Nov 042011

Sir Jimmy Savile

As an American, the death of Sir (yes, good heavens, he was knighted) Jimmy Savile cannot have the resonance with me that it might for many Brits of a certain age. Let’s think of him as a kind of freaky Dick Clark. Well: at least freaky in a different way. Anyway, for a long time, he was to me just “that really weird guy who pops up in a lot of old British invasion clips.” But as the longtime host of Top of the Pops he was undoubtedly a sort of institution in the UK. Perhaps Happiness Stan can put this in some perspective for us.  In the meantime, here is the New York Times obit.


  9 Responses to “He Was a…Rather Strange and Annoying but Undoubtedly a Great Man”

  1. Happiness Stan

    Now then, now then, ‘ow’s about that then guys and gals, er-e-er-e-er-e-er, now then now then, what have we here then, oh yes, [slows to virtual standstill, but sustains the ends of words so that the sounds still all join together] what… we……….[holds the final zz sound of that word for up to about fifteen seconds]………… ……. …….. ……. …… ………. ……… ………… ………… a… record… by… [gradually speeds up again] theeee…one…and….only [insert name of hyper-commercial middle of the road act and ramble on for about another twenty minutes enjoying the sound of own voice while half an album’s worth of middle of the road pap plays underneath…]

    I’ve been thinking about him quite a bit off and on this week, and have had conversations at work about him initiated by colleagues ten years older and twenty years younger. From the early Sixties to the mid-Eighties he was always there – and, well, now he isn’t.

    What I am about to write is not intended to sound like talking ill of the dead, (see, I’ve barely started but already feel a bit guilty about even thinking about writing anything other than a hagiography for Saint Jim) – it’s purely my impressions of a man who it was impossible to avoid on British TV and radio for about thirty years of my life, and even though it was common knowledge that he had been very unwell for quite a long time it did feel as though a Great British National Institution left us last weekend. He was certainly unique.

    I’ve always had a love/hate relationship with the man – on the one hand he raised a huge amount of money for charity – absolutely ridiculous quantities for Stoke Mandeville Children’s Hospital, (amounts which would still be huge if raised today, but most of it was about thirty years ago), running marathons many, many years before it was fashionable to do so.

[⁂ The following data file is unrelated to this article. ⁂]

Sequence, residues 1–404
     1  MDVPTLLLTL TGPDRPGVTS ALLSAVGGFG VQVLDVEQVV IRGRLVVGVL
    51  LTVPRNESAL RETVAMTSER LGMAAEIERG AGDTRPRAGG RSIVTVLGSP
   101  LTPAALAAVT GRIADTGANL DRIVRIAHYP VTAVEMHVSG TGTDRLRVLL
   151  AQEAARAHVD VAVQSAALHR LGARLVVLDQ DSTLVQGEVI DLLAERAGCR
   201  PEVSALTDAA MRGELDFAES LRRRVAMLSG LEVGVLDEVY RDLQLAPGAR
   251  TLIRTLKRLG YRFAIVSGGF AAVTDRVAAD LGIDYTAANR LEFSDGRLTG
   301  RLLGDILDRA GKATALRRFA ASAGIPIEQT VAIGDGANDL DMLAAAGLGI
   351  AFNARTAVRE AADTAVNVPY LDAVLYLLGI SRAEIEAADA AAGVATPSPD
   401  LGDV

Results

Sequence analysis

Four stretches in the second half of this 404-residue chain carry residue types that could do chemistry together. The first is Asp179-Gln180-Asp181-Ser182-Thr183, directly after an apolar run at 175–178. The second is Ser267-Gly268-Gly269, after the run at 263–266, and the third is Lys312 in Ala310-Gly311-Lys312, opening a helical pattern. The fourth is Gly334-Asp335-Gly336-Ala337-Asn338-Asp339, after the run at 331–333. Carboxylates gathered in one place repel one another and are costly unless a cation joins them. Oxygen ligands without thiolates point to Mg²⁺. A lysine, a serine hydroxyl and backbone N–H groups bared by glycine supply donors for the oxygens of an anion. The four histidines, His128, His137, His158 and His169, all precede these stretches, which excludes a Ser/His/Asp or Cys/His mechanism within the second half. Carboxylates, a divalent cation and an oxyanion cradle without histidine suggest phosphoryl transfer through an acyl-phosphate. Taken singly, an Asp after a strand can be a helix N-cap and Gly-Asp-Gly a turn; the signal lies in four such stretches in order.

For years and years he presented a Saturday teatime show called “Jim’ll Fix It”, where people would fulfil a lifetime’s ambition to jam with Status Quo or fly a helicopter, or bake a really nice cake – the premise of which was that he was making people’s dreams come true, but regularly made me feel uncomfortable because what it actually seemed to be doing was less about the participants than fuelling his ego and fulfilling his insatiable desire to be adored.

    If he was doing the dj bit then the music wasn’t allowed to overshadow his own performance, the records he played were uniformly absolutely dire. His radio programmes were the equivalent of listening to a stream of James Last albums, punctuated and very often drowned out by his extraordinary ramblings in that bizarre drone adapted from his original Yorkshire accent, which sped up and slowed down, interspersed with odd vocal noises. He would talk over the introduction up to the vocal, often through it, and if he stopped to allow the music to breathe he would start again halfway through the last chorus, if not before.

    By God he talked, he went on and on and on and on, filling the silence with whatever came into his head. In all the hours of his talking and talking and talking I listened to I can’t remember a single meaningful phrase or insightful comment. If he was making people’s dreams come true then no-one but he was allowed to take any credit for it, and at all times he needed to be seen as a saintly puppet-master figure making everything happen. If he was raising money for charity then it appeared that he needed to be at the centre of it (which to his credit was not always the case, it just felt that way). I think that he believed that if he wasn’t continually being bathed in reflected glory while filling the dead air with the sound of his voice then he would cease to exist. Watching him on TV was like watching a choreographed wrestling match in the presence of the monarch who was simultaneously being tickled and poked by a court jester, with Jimmy Savile playing all of the parts and refereeing at the same time.